Op-Ed: The California bar exam flunks too many law school graduates


I still remember opening the envelope with my California bar exam results. It’s one of those flashbulb memories. I passed, with more relief than joy. Much has changed since then. Graduates no longer open envelopes; they check scores on a computer. I was a professor then, and now I am the dean. But the basic experience has not changed. Thousands of graduates continue to hold their breath each fall as they check their scores. A lot depends on those results.

Graduates who fail face losing jobs already started, not getting jobs that were promised, debt, embarrassment and more debt. Simply taking the exam again costs more than $700, and add to that the cost of further bar review classes, living expenses in the meantime and income lost. All told, thousands more dollars may be piled onto law school debt that is increasingly well above $100,000.

Most of those who fail their first attempt eventually pass the bar on the second or third try. After each attempt, however, these graduates do not learn to be better lawyers, they simply learn how to beat the test. And the damage done from the initial failure can be great. In addition to the financial costs, they may find themselves timed out of promising professional opportunities that never reappear. Finally, there are the emotional and psychological costs that are possibly the most overwhelming consequence of even one failed attempt.


Given the stakes for the individual law graduate, as well as the state’s obligation to ensure that those given a license to practice law are qualified, one would think the state bar, which administers the test, would have sound reasons for how it sets the line — the “cut score” — between passing and failing. If you thought that about California, you would be mistaken.

The California bar exam has historically had the highest cut score of any state, consistently resulting in the nation’s lowest pass rates.

The California bar exam has historically had the highest cut score of any state, consistently resulting in the nation’s lowest pass rates. In July 2016, California’s pass rate reached a record low 62% for graduates of American Bar Assn.-accredited law schools. New York’s was 83%. Although California has always had low pass rates, the July results caused an outcry. It finally dawned on those of us who run law schools in the state to ask why.

Was New York truly allowing unqualified lawyers to practice? Did the State Bar of California have research indicating that its cut score of 144 was more protective of the public than New York’s 133? Twenty (out of 21) deans of ABA-accredited law schools in California wrote in protest to the state Supreme Court, which has authority over the bar. Several of us later testified on the subject at a hearing before the California Assembly’s Judiciary Committee, where Elizabeth Rindskopf Parker, the state bar’s executive director, told the committee that “there is no good answer” for why the California cut score is so high.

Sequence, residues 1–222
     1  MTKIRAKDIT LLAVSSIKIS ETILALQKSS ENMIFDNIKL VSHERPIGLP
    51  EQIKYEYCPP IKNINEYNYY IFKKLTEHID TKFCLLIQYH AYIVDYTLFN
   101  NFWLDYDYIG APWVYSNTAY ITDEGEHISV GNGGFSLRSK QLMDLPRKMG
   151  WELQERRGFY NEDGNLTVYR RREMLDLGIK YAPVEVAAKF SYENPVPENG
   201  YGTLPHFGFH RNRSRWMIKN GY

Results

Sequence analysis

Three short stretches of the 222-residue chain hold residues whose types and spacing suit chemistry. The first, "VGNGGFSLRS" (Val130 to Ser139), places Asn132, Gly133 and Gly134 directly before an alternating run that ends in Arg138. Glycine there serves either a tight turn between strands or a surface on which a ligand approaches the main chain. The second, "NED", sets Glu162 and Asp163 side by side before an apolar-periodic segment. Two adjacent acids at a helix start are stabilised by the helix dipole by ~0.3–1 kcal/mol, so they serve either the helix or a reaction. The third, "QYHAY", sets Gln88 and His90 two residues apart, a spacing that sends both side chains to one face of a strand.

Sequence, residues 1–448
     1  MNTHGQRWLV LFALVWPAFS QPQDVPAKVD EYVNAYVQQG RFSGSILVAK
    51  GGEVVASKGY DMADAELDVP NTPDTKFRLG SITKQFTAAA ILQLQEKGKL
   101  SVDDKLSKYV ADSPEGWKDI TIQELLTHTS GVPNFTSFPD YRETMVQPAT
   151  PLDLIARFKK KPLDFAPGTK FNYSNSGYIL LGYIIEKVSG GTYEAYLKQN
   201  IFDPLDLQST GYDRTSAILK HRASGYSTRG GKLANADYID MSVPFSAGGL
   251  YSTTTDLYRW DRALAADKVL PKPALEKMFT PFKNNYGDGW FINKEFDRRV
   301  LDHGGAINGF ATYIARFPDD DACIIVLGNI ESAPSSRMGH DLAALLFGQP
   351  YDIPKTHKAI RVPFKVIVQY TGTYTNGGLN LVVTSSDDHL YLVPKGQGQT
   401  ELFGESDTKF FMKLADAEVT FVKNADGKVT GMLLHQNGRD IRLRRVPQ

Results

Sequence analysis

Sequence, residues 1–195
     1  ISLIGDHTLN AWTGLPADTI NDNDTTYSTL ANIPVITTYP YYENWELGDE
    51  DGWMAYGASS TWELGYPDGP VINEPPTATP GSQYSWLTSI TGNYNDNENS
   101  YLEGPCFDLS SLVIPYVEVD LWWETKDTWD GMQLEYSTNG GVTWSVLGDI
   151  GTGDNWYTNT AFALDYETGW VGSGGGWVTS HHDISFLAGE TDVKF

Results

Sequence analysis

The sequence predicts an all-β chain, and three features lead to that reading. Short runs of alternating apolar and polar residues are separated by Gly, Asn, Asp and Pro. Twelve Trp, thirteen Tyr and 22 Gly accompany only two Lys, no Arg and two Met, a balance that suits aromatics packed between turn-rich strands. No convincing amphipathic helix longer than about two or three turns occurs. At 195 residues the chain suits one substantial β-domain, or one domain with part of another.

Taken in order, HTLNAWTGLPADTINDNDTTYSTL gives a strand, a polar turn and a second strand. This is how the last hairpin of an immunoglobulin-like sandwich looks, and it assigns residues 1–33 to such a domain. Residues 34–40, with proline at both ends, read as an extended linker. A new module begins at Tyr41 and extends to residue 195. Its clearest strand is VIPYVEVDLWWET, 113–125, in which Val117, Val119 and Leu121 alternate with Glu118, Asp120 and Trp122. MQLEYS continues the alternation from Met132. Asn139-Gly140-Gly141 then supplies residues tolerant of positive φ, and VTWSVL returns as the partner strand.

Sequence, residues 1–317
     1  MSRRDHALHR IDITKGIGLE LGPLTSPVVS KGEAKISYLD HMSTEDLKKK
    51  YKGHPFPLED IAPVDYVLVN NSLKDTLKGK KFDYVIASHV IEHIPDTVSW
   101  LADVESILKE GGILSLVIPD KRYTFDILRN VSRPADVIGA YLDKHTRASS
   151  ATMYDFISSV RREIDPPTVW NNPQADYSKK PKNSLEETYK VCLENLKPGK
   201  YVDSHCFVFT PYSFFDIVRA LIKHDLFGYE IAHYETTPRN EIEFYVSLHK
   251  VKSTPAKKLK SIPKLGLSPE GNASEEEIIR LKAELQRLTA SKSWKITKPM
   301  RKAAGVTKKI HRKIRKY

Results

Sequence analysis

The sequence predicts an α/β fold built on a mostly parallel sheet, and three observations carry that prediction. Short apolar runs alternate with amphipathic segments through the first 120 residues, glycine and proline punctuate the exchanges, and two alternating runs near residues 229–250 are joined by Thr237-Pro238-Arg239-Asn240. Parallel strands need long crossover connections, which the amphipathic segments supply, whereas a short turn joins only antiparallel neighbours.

In fact, the best rationale the state bar can come up with for its high score is that it has always been this way. Tradition! And yet as Oliver Wendell Holmes pointed out over a century ago, “It is revolting to have no better reason for a rule of law than that so it was laid down in the time of Henry IV.”


Everyone now seems to agree that the California bar exam needs to be studied. The state bar has said so; the Assembly Judiciary Committee has said so; the law school deans have said so; and so has the state Supreme Court, which ordered the state bar to complete a study and report back by the end of 2017. The issue today is what to do in the meantime. The “study and report back” timetable most likely condemns another law school graduating class to a nearly 40% bar exam failure rate, for no good reason.

At the Judiciary Committee hearing, a representative of the California bar was asked how many exam takers fell between New York’s passing score and California’s. The answer was 1,789. That is, there were 1,789 individuals who would have begun their careers in New York but who have instead had their lives profoundly disrupted in California.

The deans’ letter asked the state Supreme Court to require a more rational cut score. We suggested using either a comparable state’s score, such as New York’s 133, or the median of all state scores in the country, which is 135. Neither may be a perfect cut score for California; we do need to study the matter. But in the meantime, California should not continue to be such an extreme outlier.

Doing something because everyone else is doing it may not be the best basis for acting. But when the lives and careers of so many young people are at stake, it’s a whole lot better than departing from what everyone else does for no reason whatsoever.

David L. Faigman is chancellor and dean, and a professor of law at UC Hastings College of the Law.

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